A new front is set to open in the softwood lumber war, with the U.S. accusing B.C. of under-pricing trees harvested for export.
The U.S. alleges that the surging volume of mountain-beetle-killed pine harvested on Crown land for cut-rate prices by lumber producers in B.C.'s interior violates the Softwood Lumber Agreement signed in 2006.
Representatives of the Canadian and U.S. governments have had one face-to-face meeting - little or no progress was made, sources said - and the U.S. can request formal arbitration as soon as Thursday.
In a formal complaint made last month, Ron Kirk, the U.S. Trade Representative, alleged that the increase "does not appear to be justified" under the softwood agreement, "even when known factors affecting timber quality in B.C. (such as the mountain pine beetle) are taken fully into consideration."
Peter Van Loan, Canada's federal minister of international trade, said the allegations are "unfounded" because of "the unprecedented mountain pine beetle infestation." Mr. Van Loan, has called the U.S. position "flatly contradicted by trade and other economic data." The federal government would not disclose these data. B.C. also provided no data.
"What we've seen is a giveaway of B.C.'s resources to help the B.C. industry at the expense of U.S. industry and frankly the rest of the Canadian industry," said David Yocis, counsel to the U.S. industry lobby group Coalition for Fair Lumber Imports. "This is exactly what the agreement was designed to prevent."
If the U.S. complaint is successful, it could cost producers in the region - led by companies such as Canfor Corp. and West Fraser Timber - as much as $400-million, RBC Dominion Securities estimates.
The U.S. has already won a smaller fight under the softwood deal, which allows for dispute-settlement at the London Court of International Arbitration. The loss is costing producers of lumber in Ontario, Quebec, Saskatchewan and Manitoba $68-million in new export taxes.
The U.S. industry coalition believes B.C. is effectively subsidizing companies such as Canfor and West Fraser by charging too little for trees on Crown land, thus mitigating the impact of export taxes companies have been paying under the softwood lumber deal.
The Softwood Lumber Agreement was meant to end years of trade disputes over U.S. allegations that Canada, and especially B.C., subsidizes industry by under-pricing Crown timber. The deal is set to expire in 2013.
With a specific aim at the B.C. Interior - the heart of Canada's forestry business - the latest scrap has left allegiances drawn on regional lines, rather than strictly between Canada and the U.S.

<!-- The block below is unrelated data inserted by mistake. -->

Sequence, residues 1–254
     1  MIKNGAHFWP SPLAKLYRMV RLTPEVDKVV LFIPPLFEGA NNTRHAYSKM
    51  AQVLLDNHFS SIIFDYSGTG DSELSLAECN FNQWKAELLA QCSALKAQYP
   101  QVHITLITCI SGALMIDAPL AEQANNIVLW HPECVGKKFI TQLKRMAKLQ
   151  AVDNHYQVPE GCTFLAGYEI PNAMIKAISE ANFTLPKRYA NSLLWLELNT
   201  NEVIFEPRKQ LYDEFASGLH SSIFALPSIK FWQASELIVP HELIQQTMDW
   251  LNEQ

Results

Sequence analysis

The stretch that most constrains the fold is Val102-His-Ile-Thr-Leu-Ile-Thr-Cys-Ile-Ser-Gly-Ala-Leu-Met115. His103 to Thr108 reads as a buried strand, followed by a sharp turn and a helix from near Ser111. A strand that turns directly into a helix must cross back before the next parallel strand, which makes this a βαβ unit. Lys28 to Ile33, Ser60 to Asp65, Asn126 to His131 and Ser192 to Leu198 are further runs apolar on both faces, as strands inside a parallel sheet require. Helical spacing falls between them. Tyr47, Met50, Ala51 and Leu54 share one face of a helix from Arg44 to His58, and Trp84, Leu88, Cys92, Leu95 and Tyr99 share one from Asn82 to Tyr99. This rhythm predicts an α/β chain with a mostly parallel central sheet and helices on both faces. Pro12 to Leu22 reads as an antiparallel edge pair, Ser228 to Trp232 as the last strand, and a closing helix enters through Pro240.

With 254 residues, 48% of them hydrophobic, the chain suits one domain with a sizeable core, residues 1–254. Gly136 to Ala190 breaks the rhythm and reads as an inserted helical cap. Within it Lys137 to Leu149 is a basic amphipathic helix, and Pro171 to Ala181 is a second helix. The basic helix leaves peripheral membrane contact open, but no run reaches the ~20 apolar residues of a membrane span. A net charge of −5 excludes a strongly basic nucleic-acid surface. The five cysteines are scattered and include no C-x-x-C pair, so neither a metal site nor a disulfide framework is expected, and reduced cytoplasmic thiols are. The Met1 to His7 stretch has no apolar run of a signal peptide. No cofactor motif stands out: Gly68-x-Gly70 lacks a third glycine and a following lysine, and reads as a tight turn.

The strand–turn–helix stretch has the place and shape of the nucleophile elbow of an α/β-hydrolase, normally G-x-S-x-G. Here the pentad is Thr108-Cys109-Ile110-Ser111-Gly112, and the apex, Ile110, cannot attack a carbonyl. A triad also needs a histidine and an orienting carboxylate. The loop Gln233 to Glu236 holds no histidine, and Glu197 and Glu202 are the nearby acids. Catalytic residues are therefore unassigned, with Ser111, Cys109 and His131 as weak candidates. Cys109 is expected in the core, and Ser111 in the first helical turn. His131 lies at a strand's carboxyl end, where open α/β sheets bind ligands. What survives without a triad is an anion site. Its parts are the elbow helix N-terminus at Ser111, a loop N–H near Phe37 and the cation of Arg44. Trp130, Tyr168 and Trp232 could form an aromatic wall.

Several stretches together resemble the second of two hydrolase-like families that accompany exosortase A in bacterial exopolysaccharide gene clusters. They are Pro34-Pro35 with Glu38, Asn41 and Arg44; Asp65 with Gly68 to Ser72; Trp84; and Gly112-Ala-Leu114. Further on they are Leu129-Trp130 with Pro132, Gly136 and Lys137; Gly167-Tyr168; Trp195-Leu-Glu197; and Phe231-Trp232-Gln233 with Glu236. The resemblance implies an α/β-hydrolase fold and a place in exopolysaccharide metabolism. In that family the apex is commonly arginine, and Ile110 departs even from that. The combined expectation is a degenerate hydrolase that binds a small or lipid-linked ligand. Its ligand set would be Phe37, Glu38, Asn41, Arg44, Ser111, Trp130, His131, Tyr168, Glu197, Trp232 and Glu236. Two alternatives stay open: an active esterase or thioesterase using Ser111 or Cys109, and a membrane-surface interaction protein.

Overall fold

"I think the U.S. has a strong case," said Rick Doman, chief executive officer of Montreal-based Eacom Timber Corp., which this year paid $130-million to buy Domtar's old lumber mills in Quebec and Ontario.
Mr. Doman, a long-time B.C. resident, is an old rival of B.C. interior lumber producers and has complained for years about pricing of timber in the region. "The taxpayer's getting ripped off," said the son the deceased Herb Doman, who had built a large forestry company, which eventually failed, headquartered on Vancouver Island.
Beyond the agreed-upon fact that there is more beetle-savaged wood being cut down in B.C., the U.S. feels the timber is under-priced because there hasn't been a large drop in lumber. If the wood really was low grade, the U.S. industry coalition said, there would be a drop in the volume of lumber, too.
The interior industry notes that its market share in the U.S. has fallen since the softwood deal began and credits advanced computer scanning technology in mills to get more useable wood out of dead pine.
"We've invested millions in mill technology," said John Allan, a B.C. industry spokesperson. (Individual companies would not comment.) "I don't think we should be faulted for keeping up our productivity."
RBC, in a report in late August, had warned shares of West Fraser and its competitors could face "considerable pressure" if the softwood fight intensified. However, investors don't appear worried right now, as stock of Canfor has fared well recently and West Fraser is at its highest point in five years, buoyed by rising lumber prices and strong company results.
Canadians, including Mr. Allan, have complained that the fight is politically motivated, rather than based on fact, pointing to actions by congressional leaders in border states such as Republican Senator Olympia Snowe of Maine, who had urged an official trade complaint be lodged. RBC said the dispute is obviously political but suggested that could bode badly for B.C.
"We expect that the U.S. will use the softwood lumber issue to serve a dual goal," said analyst Paul Quinn of RBC in his Aug. 27 report. "First, reduce Canadian lumber imports and second, send a signal to China that the U.S. will not be pushed around on trade. … Taking a position in support of American workers and against 'unfair' trade practices, whether it is right or not, is often good politics."